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Are the iv and V chords used in the minor scale just like the major scale?

While theory supports that the iv and V work the same way for a minor Key, always let what I call "ear and flow" be your guide. Theory must always be subordinate to practice. In other ...
David B Johnson's user avatar
0 votes

What do the chord symbols on each bar mean?

What do chord symbols have to do with melody? Chord Symbols and Melody share a Common Cause I see chord symbols on each bar, and I assume they represent the notes in the bar [...] If [chord symbols] ...
user45266's user avatar
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1 vote

Resolving chordal 7ths (Maj7, min7, V7, etc.) (melodic vs harmonic tendency)

I cannot find any resources that explain WHY chordal 7ths, when dealing with chord progressions & voice-leading, often resolve downwards. ... Is there a more generally agreed upon reason for this ...
phoog's user avatar
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-1 votes

What do the chord symbols on each bar mean?

No. Staff notation (or possibly tab notation) represent the notes in the bar - pitch and rhythm. The chord symbol represents the underlying harmony. The chord shapes that could be strummed along ...
Laurence's user avatar
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3 votes

What do the chord symbols on each bar mean?

Chord symbols of the sort we all assume you're asking about first appeared in sheet music published for amateur use in the home, before the invention of audio recording technology. The purpose was to ...
phoog's user avatar
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1 vote

What do the chord symbols on each bar mean?

False premise! The chord symbols shown for a particular bar do not, and do not have to, represent the notes found in said bar. The chord symbol tells which chord can be played during that bar. Safe to ...
Tim's user avatar
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5 votes

What do the chord symbols on each bar mean?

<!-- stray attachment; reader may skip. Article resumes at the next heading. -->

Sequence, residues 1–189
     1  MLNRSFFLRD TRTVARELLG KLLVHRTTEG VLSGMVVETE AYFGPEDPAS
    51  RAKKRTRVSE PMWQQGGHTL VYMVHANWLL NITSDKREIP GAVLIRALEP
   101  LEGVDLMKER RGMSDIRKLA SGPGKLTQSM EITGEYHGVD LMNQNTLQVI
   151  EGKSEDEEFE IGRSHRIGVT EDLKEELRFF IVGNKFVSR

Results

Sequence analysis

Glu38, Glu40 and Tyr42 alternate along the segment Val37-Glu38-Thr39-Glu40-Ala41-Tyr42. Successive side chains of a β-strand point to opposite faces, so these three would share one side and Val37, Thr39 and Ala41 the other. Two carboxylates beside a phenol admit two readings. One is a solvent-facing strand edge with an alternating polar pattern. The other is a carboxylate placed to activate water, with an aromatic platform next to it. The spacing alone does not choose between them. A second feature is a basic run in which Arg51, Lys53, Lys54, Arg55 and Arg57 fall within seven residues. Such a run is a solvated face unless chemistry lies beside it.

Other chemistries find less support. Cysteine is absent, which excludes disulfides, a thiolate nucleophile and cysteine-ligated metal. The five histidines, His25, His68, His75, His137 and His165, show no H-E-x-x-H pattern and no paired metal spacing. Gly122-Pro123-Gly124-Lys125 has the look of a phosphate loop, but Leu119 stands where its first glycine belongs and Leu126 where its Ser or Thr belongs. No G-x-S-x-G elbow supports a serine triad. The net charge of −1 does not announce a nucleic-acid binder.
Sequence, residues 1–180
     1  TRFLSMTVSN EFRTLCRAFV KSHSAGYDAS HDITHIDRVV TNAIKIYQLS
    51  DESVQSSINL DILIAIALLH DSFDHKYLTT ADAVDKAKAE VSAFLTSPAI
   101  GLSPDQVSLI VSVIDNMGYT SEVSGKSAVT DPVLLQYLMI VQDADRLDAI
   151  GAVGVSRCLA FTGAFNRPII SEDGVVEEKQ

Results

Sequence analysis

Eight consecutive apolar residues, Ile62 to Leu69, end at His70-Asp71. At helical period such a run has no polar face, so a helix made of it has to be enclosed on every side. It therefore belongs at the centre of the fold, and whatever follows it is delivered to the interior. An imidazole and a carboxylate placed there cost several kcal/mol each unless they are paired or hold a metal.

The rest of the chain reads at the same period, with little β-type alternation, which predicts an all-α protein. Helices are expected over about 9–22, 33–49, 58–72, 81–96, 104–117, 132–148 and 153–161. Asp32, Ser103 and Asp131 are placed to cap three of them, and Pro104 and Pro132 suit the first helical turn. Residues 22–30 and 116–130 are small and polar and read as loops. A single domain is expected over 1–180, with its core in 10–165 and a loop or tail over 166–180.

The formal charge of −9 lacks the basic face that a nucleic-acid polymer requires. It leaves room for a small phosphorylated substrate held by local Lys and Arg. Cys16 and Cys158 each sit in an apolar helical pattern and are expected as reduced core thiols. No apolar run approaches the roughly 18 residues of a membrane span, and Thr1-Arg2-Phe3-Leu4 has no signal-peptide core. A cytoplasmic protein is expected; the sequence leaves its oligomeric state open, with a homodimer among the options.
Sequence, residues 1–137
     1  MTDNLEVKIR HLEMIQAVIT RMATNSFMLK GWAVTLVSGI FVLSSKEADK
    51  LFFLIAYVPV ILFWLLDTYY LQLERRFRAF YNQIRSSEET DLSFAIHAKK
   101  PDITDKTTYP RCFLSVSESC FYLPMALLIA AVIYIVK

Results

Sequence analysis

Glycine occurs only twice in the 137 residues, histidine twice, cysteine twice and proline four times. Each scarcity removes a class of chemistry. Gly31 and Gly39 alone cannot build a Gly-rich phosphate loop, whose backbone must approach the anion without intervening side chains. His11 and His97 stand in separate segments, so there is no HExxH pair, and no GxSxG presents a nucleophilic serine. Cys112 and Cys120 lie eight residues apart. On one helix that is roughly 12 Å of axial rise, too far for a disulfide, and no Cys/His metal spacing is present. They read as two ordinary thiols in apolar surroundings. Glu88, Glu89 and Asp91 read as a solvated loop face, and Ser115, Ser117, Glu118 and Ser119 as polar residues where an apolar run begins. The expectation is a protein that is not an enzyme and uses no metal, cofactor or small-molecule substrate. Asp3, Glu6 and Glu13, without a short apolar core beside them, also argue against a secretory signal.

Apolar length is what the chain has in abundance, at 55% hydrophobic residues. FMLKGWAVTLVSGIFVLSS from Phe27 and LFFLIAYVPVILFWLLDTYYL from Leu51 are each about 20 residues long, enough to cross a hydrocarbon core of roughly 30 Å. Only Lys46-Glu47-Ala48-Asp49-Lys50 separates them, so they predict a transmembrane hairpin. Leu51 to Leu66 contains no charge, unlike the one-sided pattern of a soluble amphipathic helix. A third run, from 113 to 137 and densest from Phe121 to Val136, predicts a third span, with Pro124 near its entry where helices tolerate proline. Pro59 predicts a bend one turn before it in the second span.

Do you mean a lead sheet? No... the chord symbols are not "vague representation of the notes in the bar". The chords are the harmony that belongs with the tune and it's the composer who gets ...
Divizna's user avatar
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-3 votes

Why don't guitar chords and staff notations match each other?

Contrary to what was said above, "root position" of that chord means all the notes are a third apart and the root of the chord is the lowest note. I realize guitar players sometimes have ...
Bill Milagro's user avatar
0 votes

Why don't guitar chords and staff notations match each other?

A complete G7 chord in staff notation would contain an arbitrarily-selected "G" note, an arbitrary (possibly empty) subset of the "G" notes that appear in higher octaves, an ...
supercat's user avatar
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7 votes

Why don't guitar chords and staff notations match each other?

Very simple answer is - they don't have to. Root position tells one fact only - the lowest note - of any chord in root position, is the root. That's how inversions work as well, 1st inversion has ^3 ...
Tim's user avatar
  • 190k
19 votes

Why don't guitar chords and staff notations match each other?

Good question! They do! The situation you're running into is that your chord diagram doesn't match the G7 you've provided on your music staff. On the staff you provided, the notes are all separated by ...
MLunzy's user avatar
  • 221
0 votes

Why don't guitar chords and staff notations match each other?

The arrangement of strings on the guitar means that certain voicings are difficult to achieve whereas others are easier. This also leads to the fact that several voicings, or as we call them, chord ...
No'am Newman's user avatar
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15 votes

Why don't guitar chords and staff notations match each other?

“Root position” means that the lowest pitch is the root of the chord, but it says nothing about the other notes. The staff-notation chord is shown in “close position” – the most compact arrangement of ...
Aaron's user avatar
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1 vote

In harmonic syntax (“root progressions”), does only the root matter, or the entire chord?

One way to look at things is to consider that there are two "basic" progressions happening at the same time. One is the actual bass line (shown in figured bass notation.) The other is the ...
ttw's user avatar
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7 votes